1. This is great information. We hope to explore Europe once the borders open. The Camino is on my list. My idea was to do “the whole thing” but I have been confused with the maps that I have studied. Now I get it – thank you for explaining it. 🙂

    Now I just need to pick a path and convince my husband.

    • Bonnie,
      Have your husband read the article and understand if this 57 year old guy could do it and have fun, so could your family. I think the kids would love it. We saw lots of families on the last 60 miles of the trip.

  2. It was interesting to read and glad you had a great time.
    Never knew about the Camino DE Santiago.
    Getting inspired to do my bucket list items.

  3. This hike is on my bucket list as well!
    I’d be interested to know what you packed that you ended up not needing and what you wish you would have packed?
    I enjoyed your article!

    • We had a few things we never used: Bug spray, hand sanitizer, blister cushions, mole skin, and body glide, (we used hypafix tape for hot spots and blister on our feet, great product), we brought too much laundry soap. Nothing we forgot that we wished we had.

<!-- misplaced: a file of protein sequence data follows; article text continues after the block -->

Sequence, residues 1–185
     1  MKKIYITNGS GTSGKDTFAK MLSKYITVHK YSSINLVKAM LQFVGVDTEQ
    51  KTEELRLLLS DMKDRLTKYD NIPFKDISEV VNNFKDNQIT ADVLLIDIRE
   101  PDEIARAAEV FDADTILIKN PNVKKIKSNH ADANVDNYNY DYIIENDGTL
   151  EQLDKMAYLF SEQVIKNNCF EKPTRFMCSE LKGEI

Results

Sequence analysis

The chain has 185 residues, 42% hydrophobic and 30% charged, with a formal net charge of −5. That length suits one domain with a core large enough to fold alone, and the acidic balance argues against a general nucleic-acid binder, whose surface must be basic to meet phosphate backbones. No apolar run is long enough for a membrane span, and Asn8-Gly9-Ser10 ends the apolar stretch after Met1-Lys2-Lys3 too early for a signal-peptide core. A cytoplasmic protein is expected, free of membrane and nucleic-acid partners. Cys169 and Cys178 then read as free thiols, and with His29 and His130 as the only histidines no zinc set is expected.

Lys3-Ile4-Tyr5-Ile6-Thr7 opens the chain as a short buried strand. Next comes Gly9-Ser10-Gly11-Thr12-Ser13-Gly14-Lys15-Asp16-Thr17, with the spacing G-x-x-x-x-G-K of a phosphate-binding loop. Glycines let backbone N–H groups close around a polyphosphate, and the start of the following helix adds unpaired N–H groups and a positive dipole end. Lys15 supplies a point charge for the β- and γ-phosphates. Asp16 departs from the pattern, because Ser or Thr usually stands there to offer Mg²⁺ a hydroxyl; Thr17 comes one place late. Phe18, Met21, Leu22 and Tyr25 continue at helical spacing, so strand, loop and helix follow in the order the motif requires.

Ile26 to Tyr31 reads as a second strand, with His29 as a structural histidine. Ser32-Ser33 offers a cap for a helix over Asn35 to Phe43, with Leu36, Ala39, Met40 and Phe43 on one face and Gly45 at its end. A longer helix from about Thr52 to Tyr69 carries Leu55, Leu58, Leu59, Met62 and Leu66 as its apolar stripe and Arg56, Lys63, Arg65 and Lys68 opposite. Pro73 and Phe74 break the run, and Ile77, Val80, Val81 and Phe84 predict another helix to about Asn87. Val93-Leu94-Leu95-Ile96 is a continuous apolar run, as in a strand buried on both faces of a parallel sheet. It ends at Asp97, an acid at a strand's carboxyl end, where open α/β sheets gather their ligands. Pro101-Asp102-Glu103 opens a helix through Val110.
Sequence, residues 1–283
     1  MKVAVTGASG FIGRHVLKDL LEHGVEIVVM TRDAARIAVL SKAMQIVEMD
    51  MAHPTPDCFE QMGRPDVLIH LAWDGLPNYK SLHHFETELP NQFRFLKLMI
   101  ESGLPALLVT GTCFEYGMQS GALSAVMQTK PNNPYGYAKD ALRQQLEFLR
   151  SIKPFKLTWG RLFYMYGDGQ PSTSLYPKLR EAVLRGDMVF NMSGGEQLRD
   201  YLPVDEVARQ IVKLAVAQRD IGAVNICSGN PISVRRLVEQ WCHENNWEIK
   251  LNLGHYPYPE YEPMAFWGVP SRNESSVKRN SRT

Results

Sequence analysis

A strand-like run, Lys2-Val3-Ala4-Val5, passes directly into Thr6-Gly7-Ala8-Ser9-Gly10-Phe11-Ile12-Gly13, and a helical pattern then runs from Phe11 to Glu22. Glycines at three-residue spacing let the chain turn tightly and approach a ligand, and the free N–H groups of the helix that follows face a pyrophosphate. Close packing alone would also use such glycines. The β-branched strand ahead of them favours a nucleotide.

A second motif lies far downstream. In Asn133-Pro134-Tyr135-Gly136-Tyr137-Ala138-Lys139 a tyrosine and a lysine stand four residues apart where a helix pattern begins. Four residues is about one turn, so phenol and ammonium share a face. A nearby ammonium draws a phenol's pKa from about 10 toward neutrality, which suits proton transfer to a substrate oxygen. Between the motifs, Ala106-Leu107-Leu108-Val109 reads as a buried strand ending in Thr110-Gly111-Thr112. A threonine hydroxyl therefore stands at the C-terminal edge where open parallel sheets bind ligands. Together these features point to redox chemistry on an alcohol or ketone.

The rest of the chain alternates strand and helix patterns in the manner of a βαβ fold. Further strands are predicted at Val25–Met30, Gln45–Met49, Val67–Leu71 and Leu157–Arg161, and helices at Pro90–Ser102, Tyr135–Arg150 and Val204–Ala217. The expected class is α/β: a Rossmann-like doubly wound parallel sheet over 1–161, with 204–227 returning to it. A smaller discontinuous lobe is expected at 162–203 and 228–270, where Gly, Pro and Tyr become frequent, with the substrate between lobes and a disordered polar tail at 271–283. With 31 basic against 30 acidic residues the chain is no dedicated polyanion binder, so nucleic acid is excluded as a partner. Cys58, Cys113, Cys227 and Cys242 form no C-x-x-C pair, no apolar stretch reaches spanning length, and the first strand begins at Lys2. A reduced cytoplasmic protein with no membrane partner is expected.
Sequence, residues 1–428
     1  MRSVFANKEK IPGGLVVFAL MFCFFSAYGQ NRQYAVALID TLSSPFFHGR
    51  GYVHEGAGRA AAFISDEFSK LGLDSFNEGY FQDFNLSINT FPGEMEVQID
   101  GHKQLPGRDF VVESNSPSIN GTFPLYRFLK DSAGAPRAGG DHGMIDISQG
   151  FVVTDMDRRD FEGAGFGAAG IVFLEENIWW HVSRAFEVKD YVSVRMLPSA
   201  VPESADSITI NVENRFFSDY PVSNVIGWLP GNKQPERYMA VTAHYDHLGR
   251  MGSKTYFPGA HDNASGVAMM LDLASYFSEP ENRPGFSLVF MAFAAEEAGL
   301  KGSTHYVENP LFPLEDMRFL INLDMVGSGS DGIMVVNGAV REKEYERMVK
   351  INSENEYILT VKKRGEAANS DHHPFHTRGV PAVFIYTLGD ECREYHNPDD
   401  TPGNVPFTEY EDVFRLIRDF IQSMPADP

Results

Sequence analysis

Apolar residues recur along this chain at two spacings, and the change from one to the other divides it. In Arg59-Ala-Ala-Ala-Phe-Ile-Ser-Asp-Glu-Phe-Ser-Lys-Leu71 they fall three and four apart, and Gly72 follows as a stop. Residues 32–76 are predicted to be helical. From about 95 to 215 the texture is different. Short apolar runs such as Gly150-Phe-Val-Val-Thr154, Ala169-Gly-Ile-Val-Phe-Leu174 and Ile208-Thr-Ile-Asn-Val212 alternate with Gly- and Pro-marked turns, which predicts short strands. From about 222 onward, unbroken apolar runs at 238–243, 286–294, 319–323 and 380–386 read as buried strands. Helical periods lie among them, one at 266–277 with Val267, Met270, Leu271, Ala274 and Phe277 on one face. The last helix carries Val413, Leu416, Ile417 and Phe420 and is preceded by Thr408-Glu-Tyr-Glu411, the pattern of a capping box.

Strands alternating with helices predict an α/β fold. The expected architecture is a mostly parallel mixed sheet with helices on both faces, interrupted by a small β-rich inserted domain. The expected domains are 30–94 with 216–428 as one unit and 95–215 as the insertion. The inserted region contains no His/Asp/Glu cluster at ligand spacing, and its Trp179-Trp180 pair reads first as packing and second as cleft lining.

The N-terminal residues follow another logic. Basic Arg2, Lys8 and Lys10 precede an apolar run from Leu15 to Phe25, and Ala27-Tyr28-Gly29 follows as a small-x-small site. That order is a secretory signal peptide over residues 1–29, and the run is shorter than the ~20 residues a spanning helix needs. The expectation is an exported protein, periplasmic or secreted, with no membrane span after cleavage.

4. Thank you for your post. I’m leaving Idaho to begin the Camino in Pamplona mid Oct. I’ve started walking and am up to 6 miles–just need to do this 4 times a week at a minimum. I’m 64 years old and in good health. I am curious if you had booked your private rooms ahead of time, or did you find them easily when arriving in the towns/villages?

    • Kate, each day when we stopped, we estimated how far we would walk the next day and we made reservations for a private room at that time. Occationally they were full and we had to pick the town either one closer or one farther away. It worked well for us.

  5. Enjoyed your post! Thanks! Reminded me of biking the Camino with my son a few years ago! A great experience, though if I have another opportunity, I will choose to walk in order to enjoy more interactions with fellow pilgrims on the journey!

  6. Wow — what a great trip.
    I am definitely putting this on my list of things to do. You make such a great point not to wait too long until we are no longer physically able to make such trips — I see this in many of my patients who waited too long …
    One year, I was able to visit Saint Thomas’ burial site in India. No cool hikes associated with this, but another interesting place to visit.

  7. LOVED reading this. It recalled the fond memories…and the hard uphills, when my husband and I completed our Camino in 2016. And yes, yes, yes: we need so few material possessions! We plan to get rid of even more when we return to the States as we’ve lived the entire summer with about 5 changes of clothes. Really, what more do we need?
    And yes, we’ll be back for more. Everyone in Spain told us to do the Portugal route next time as it’s the prettiest.
    So glad you wrote this!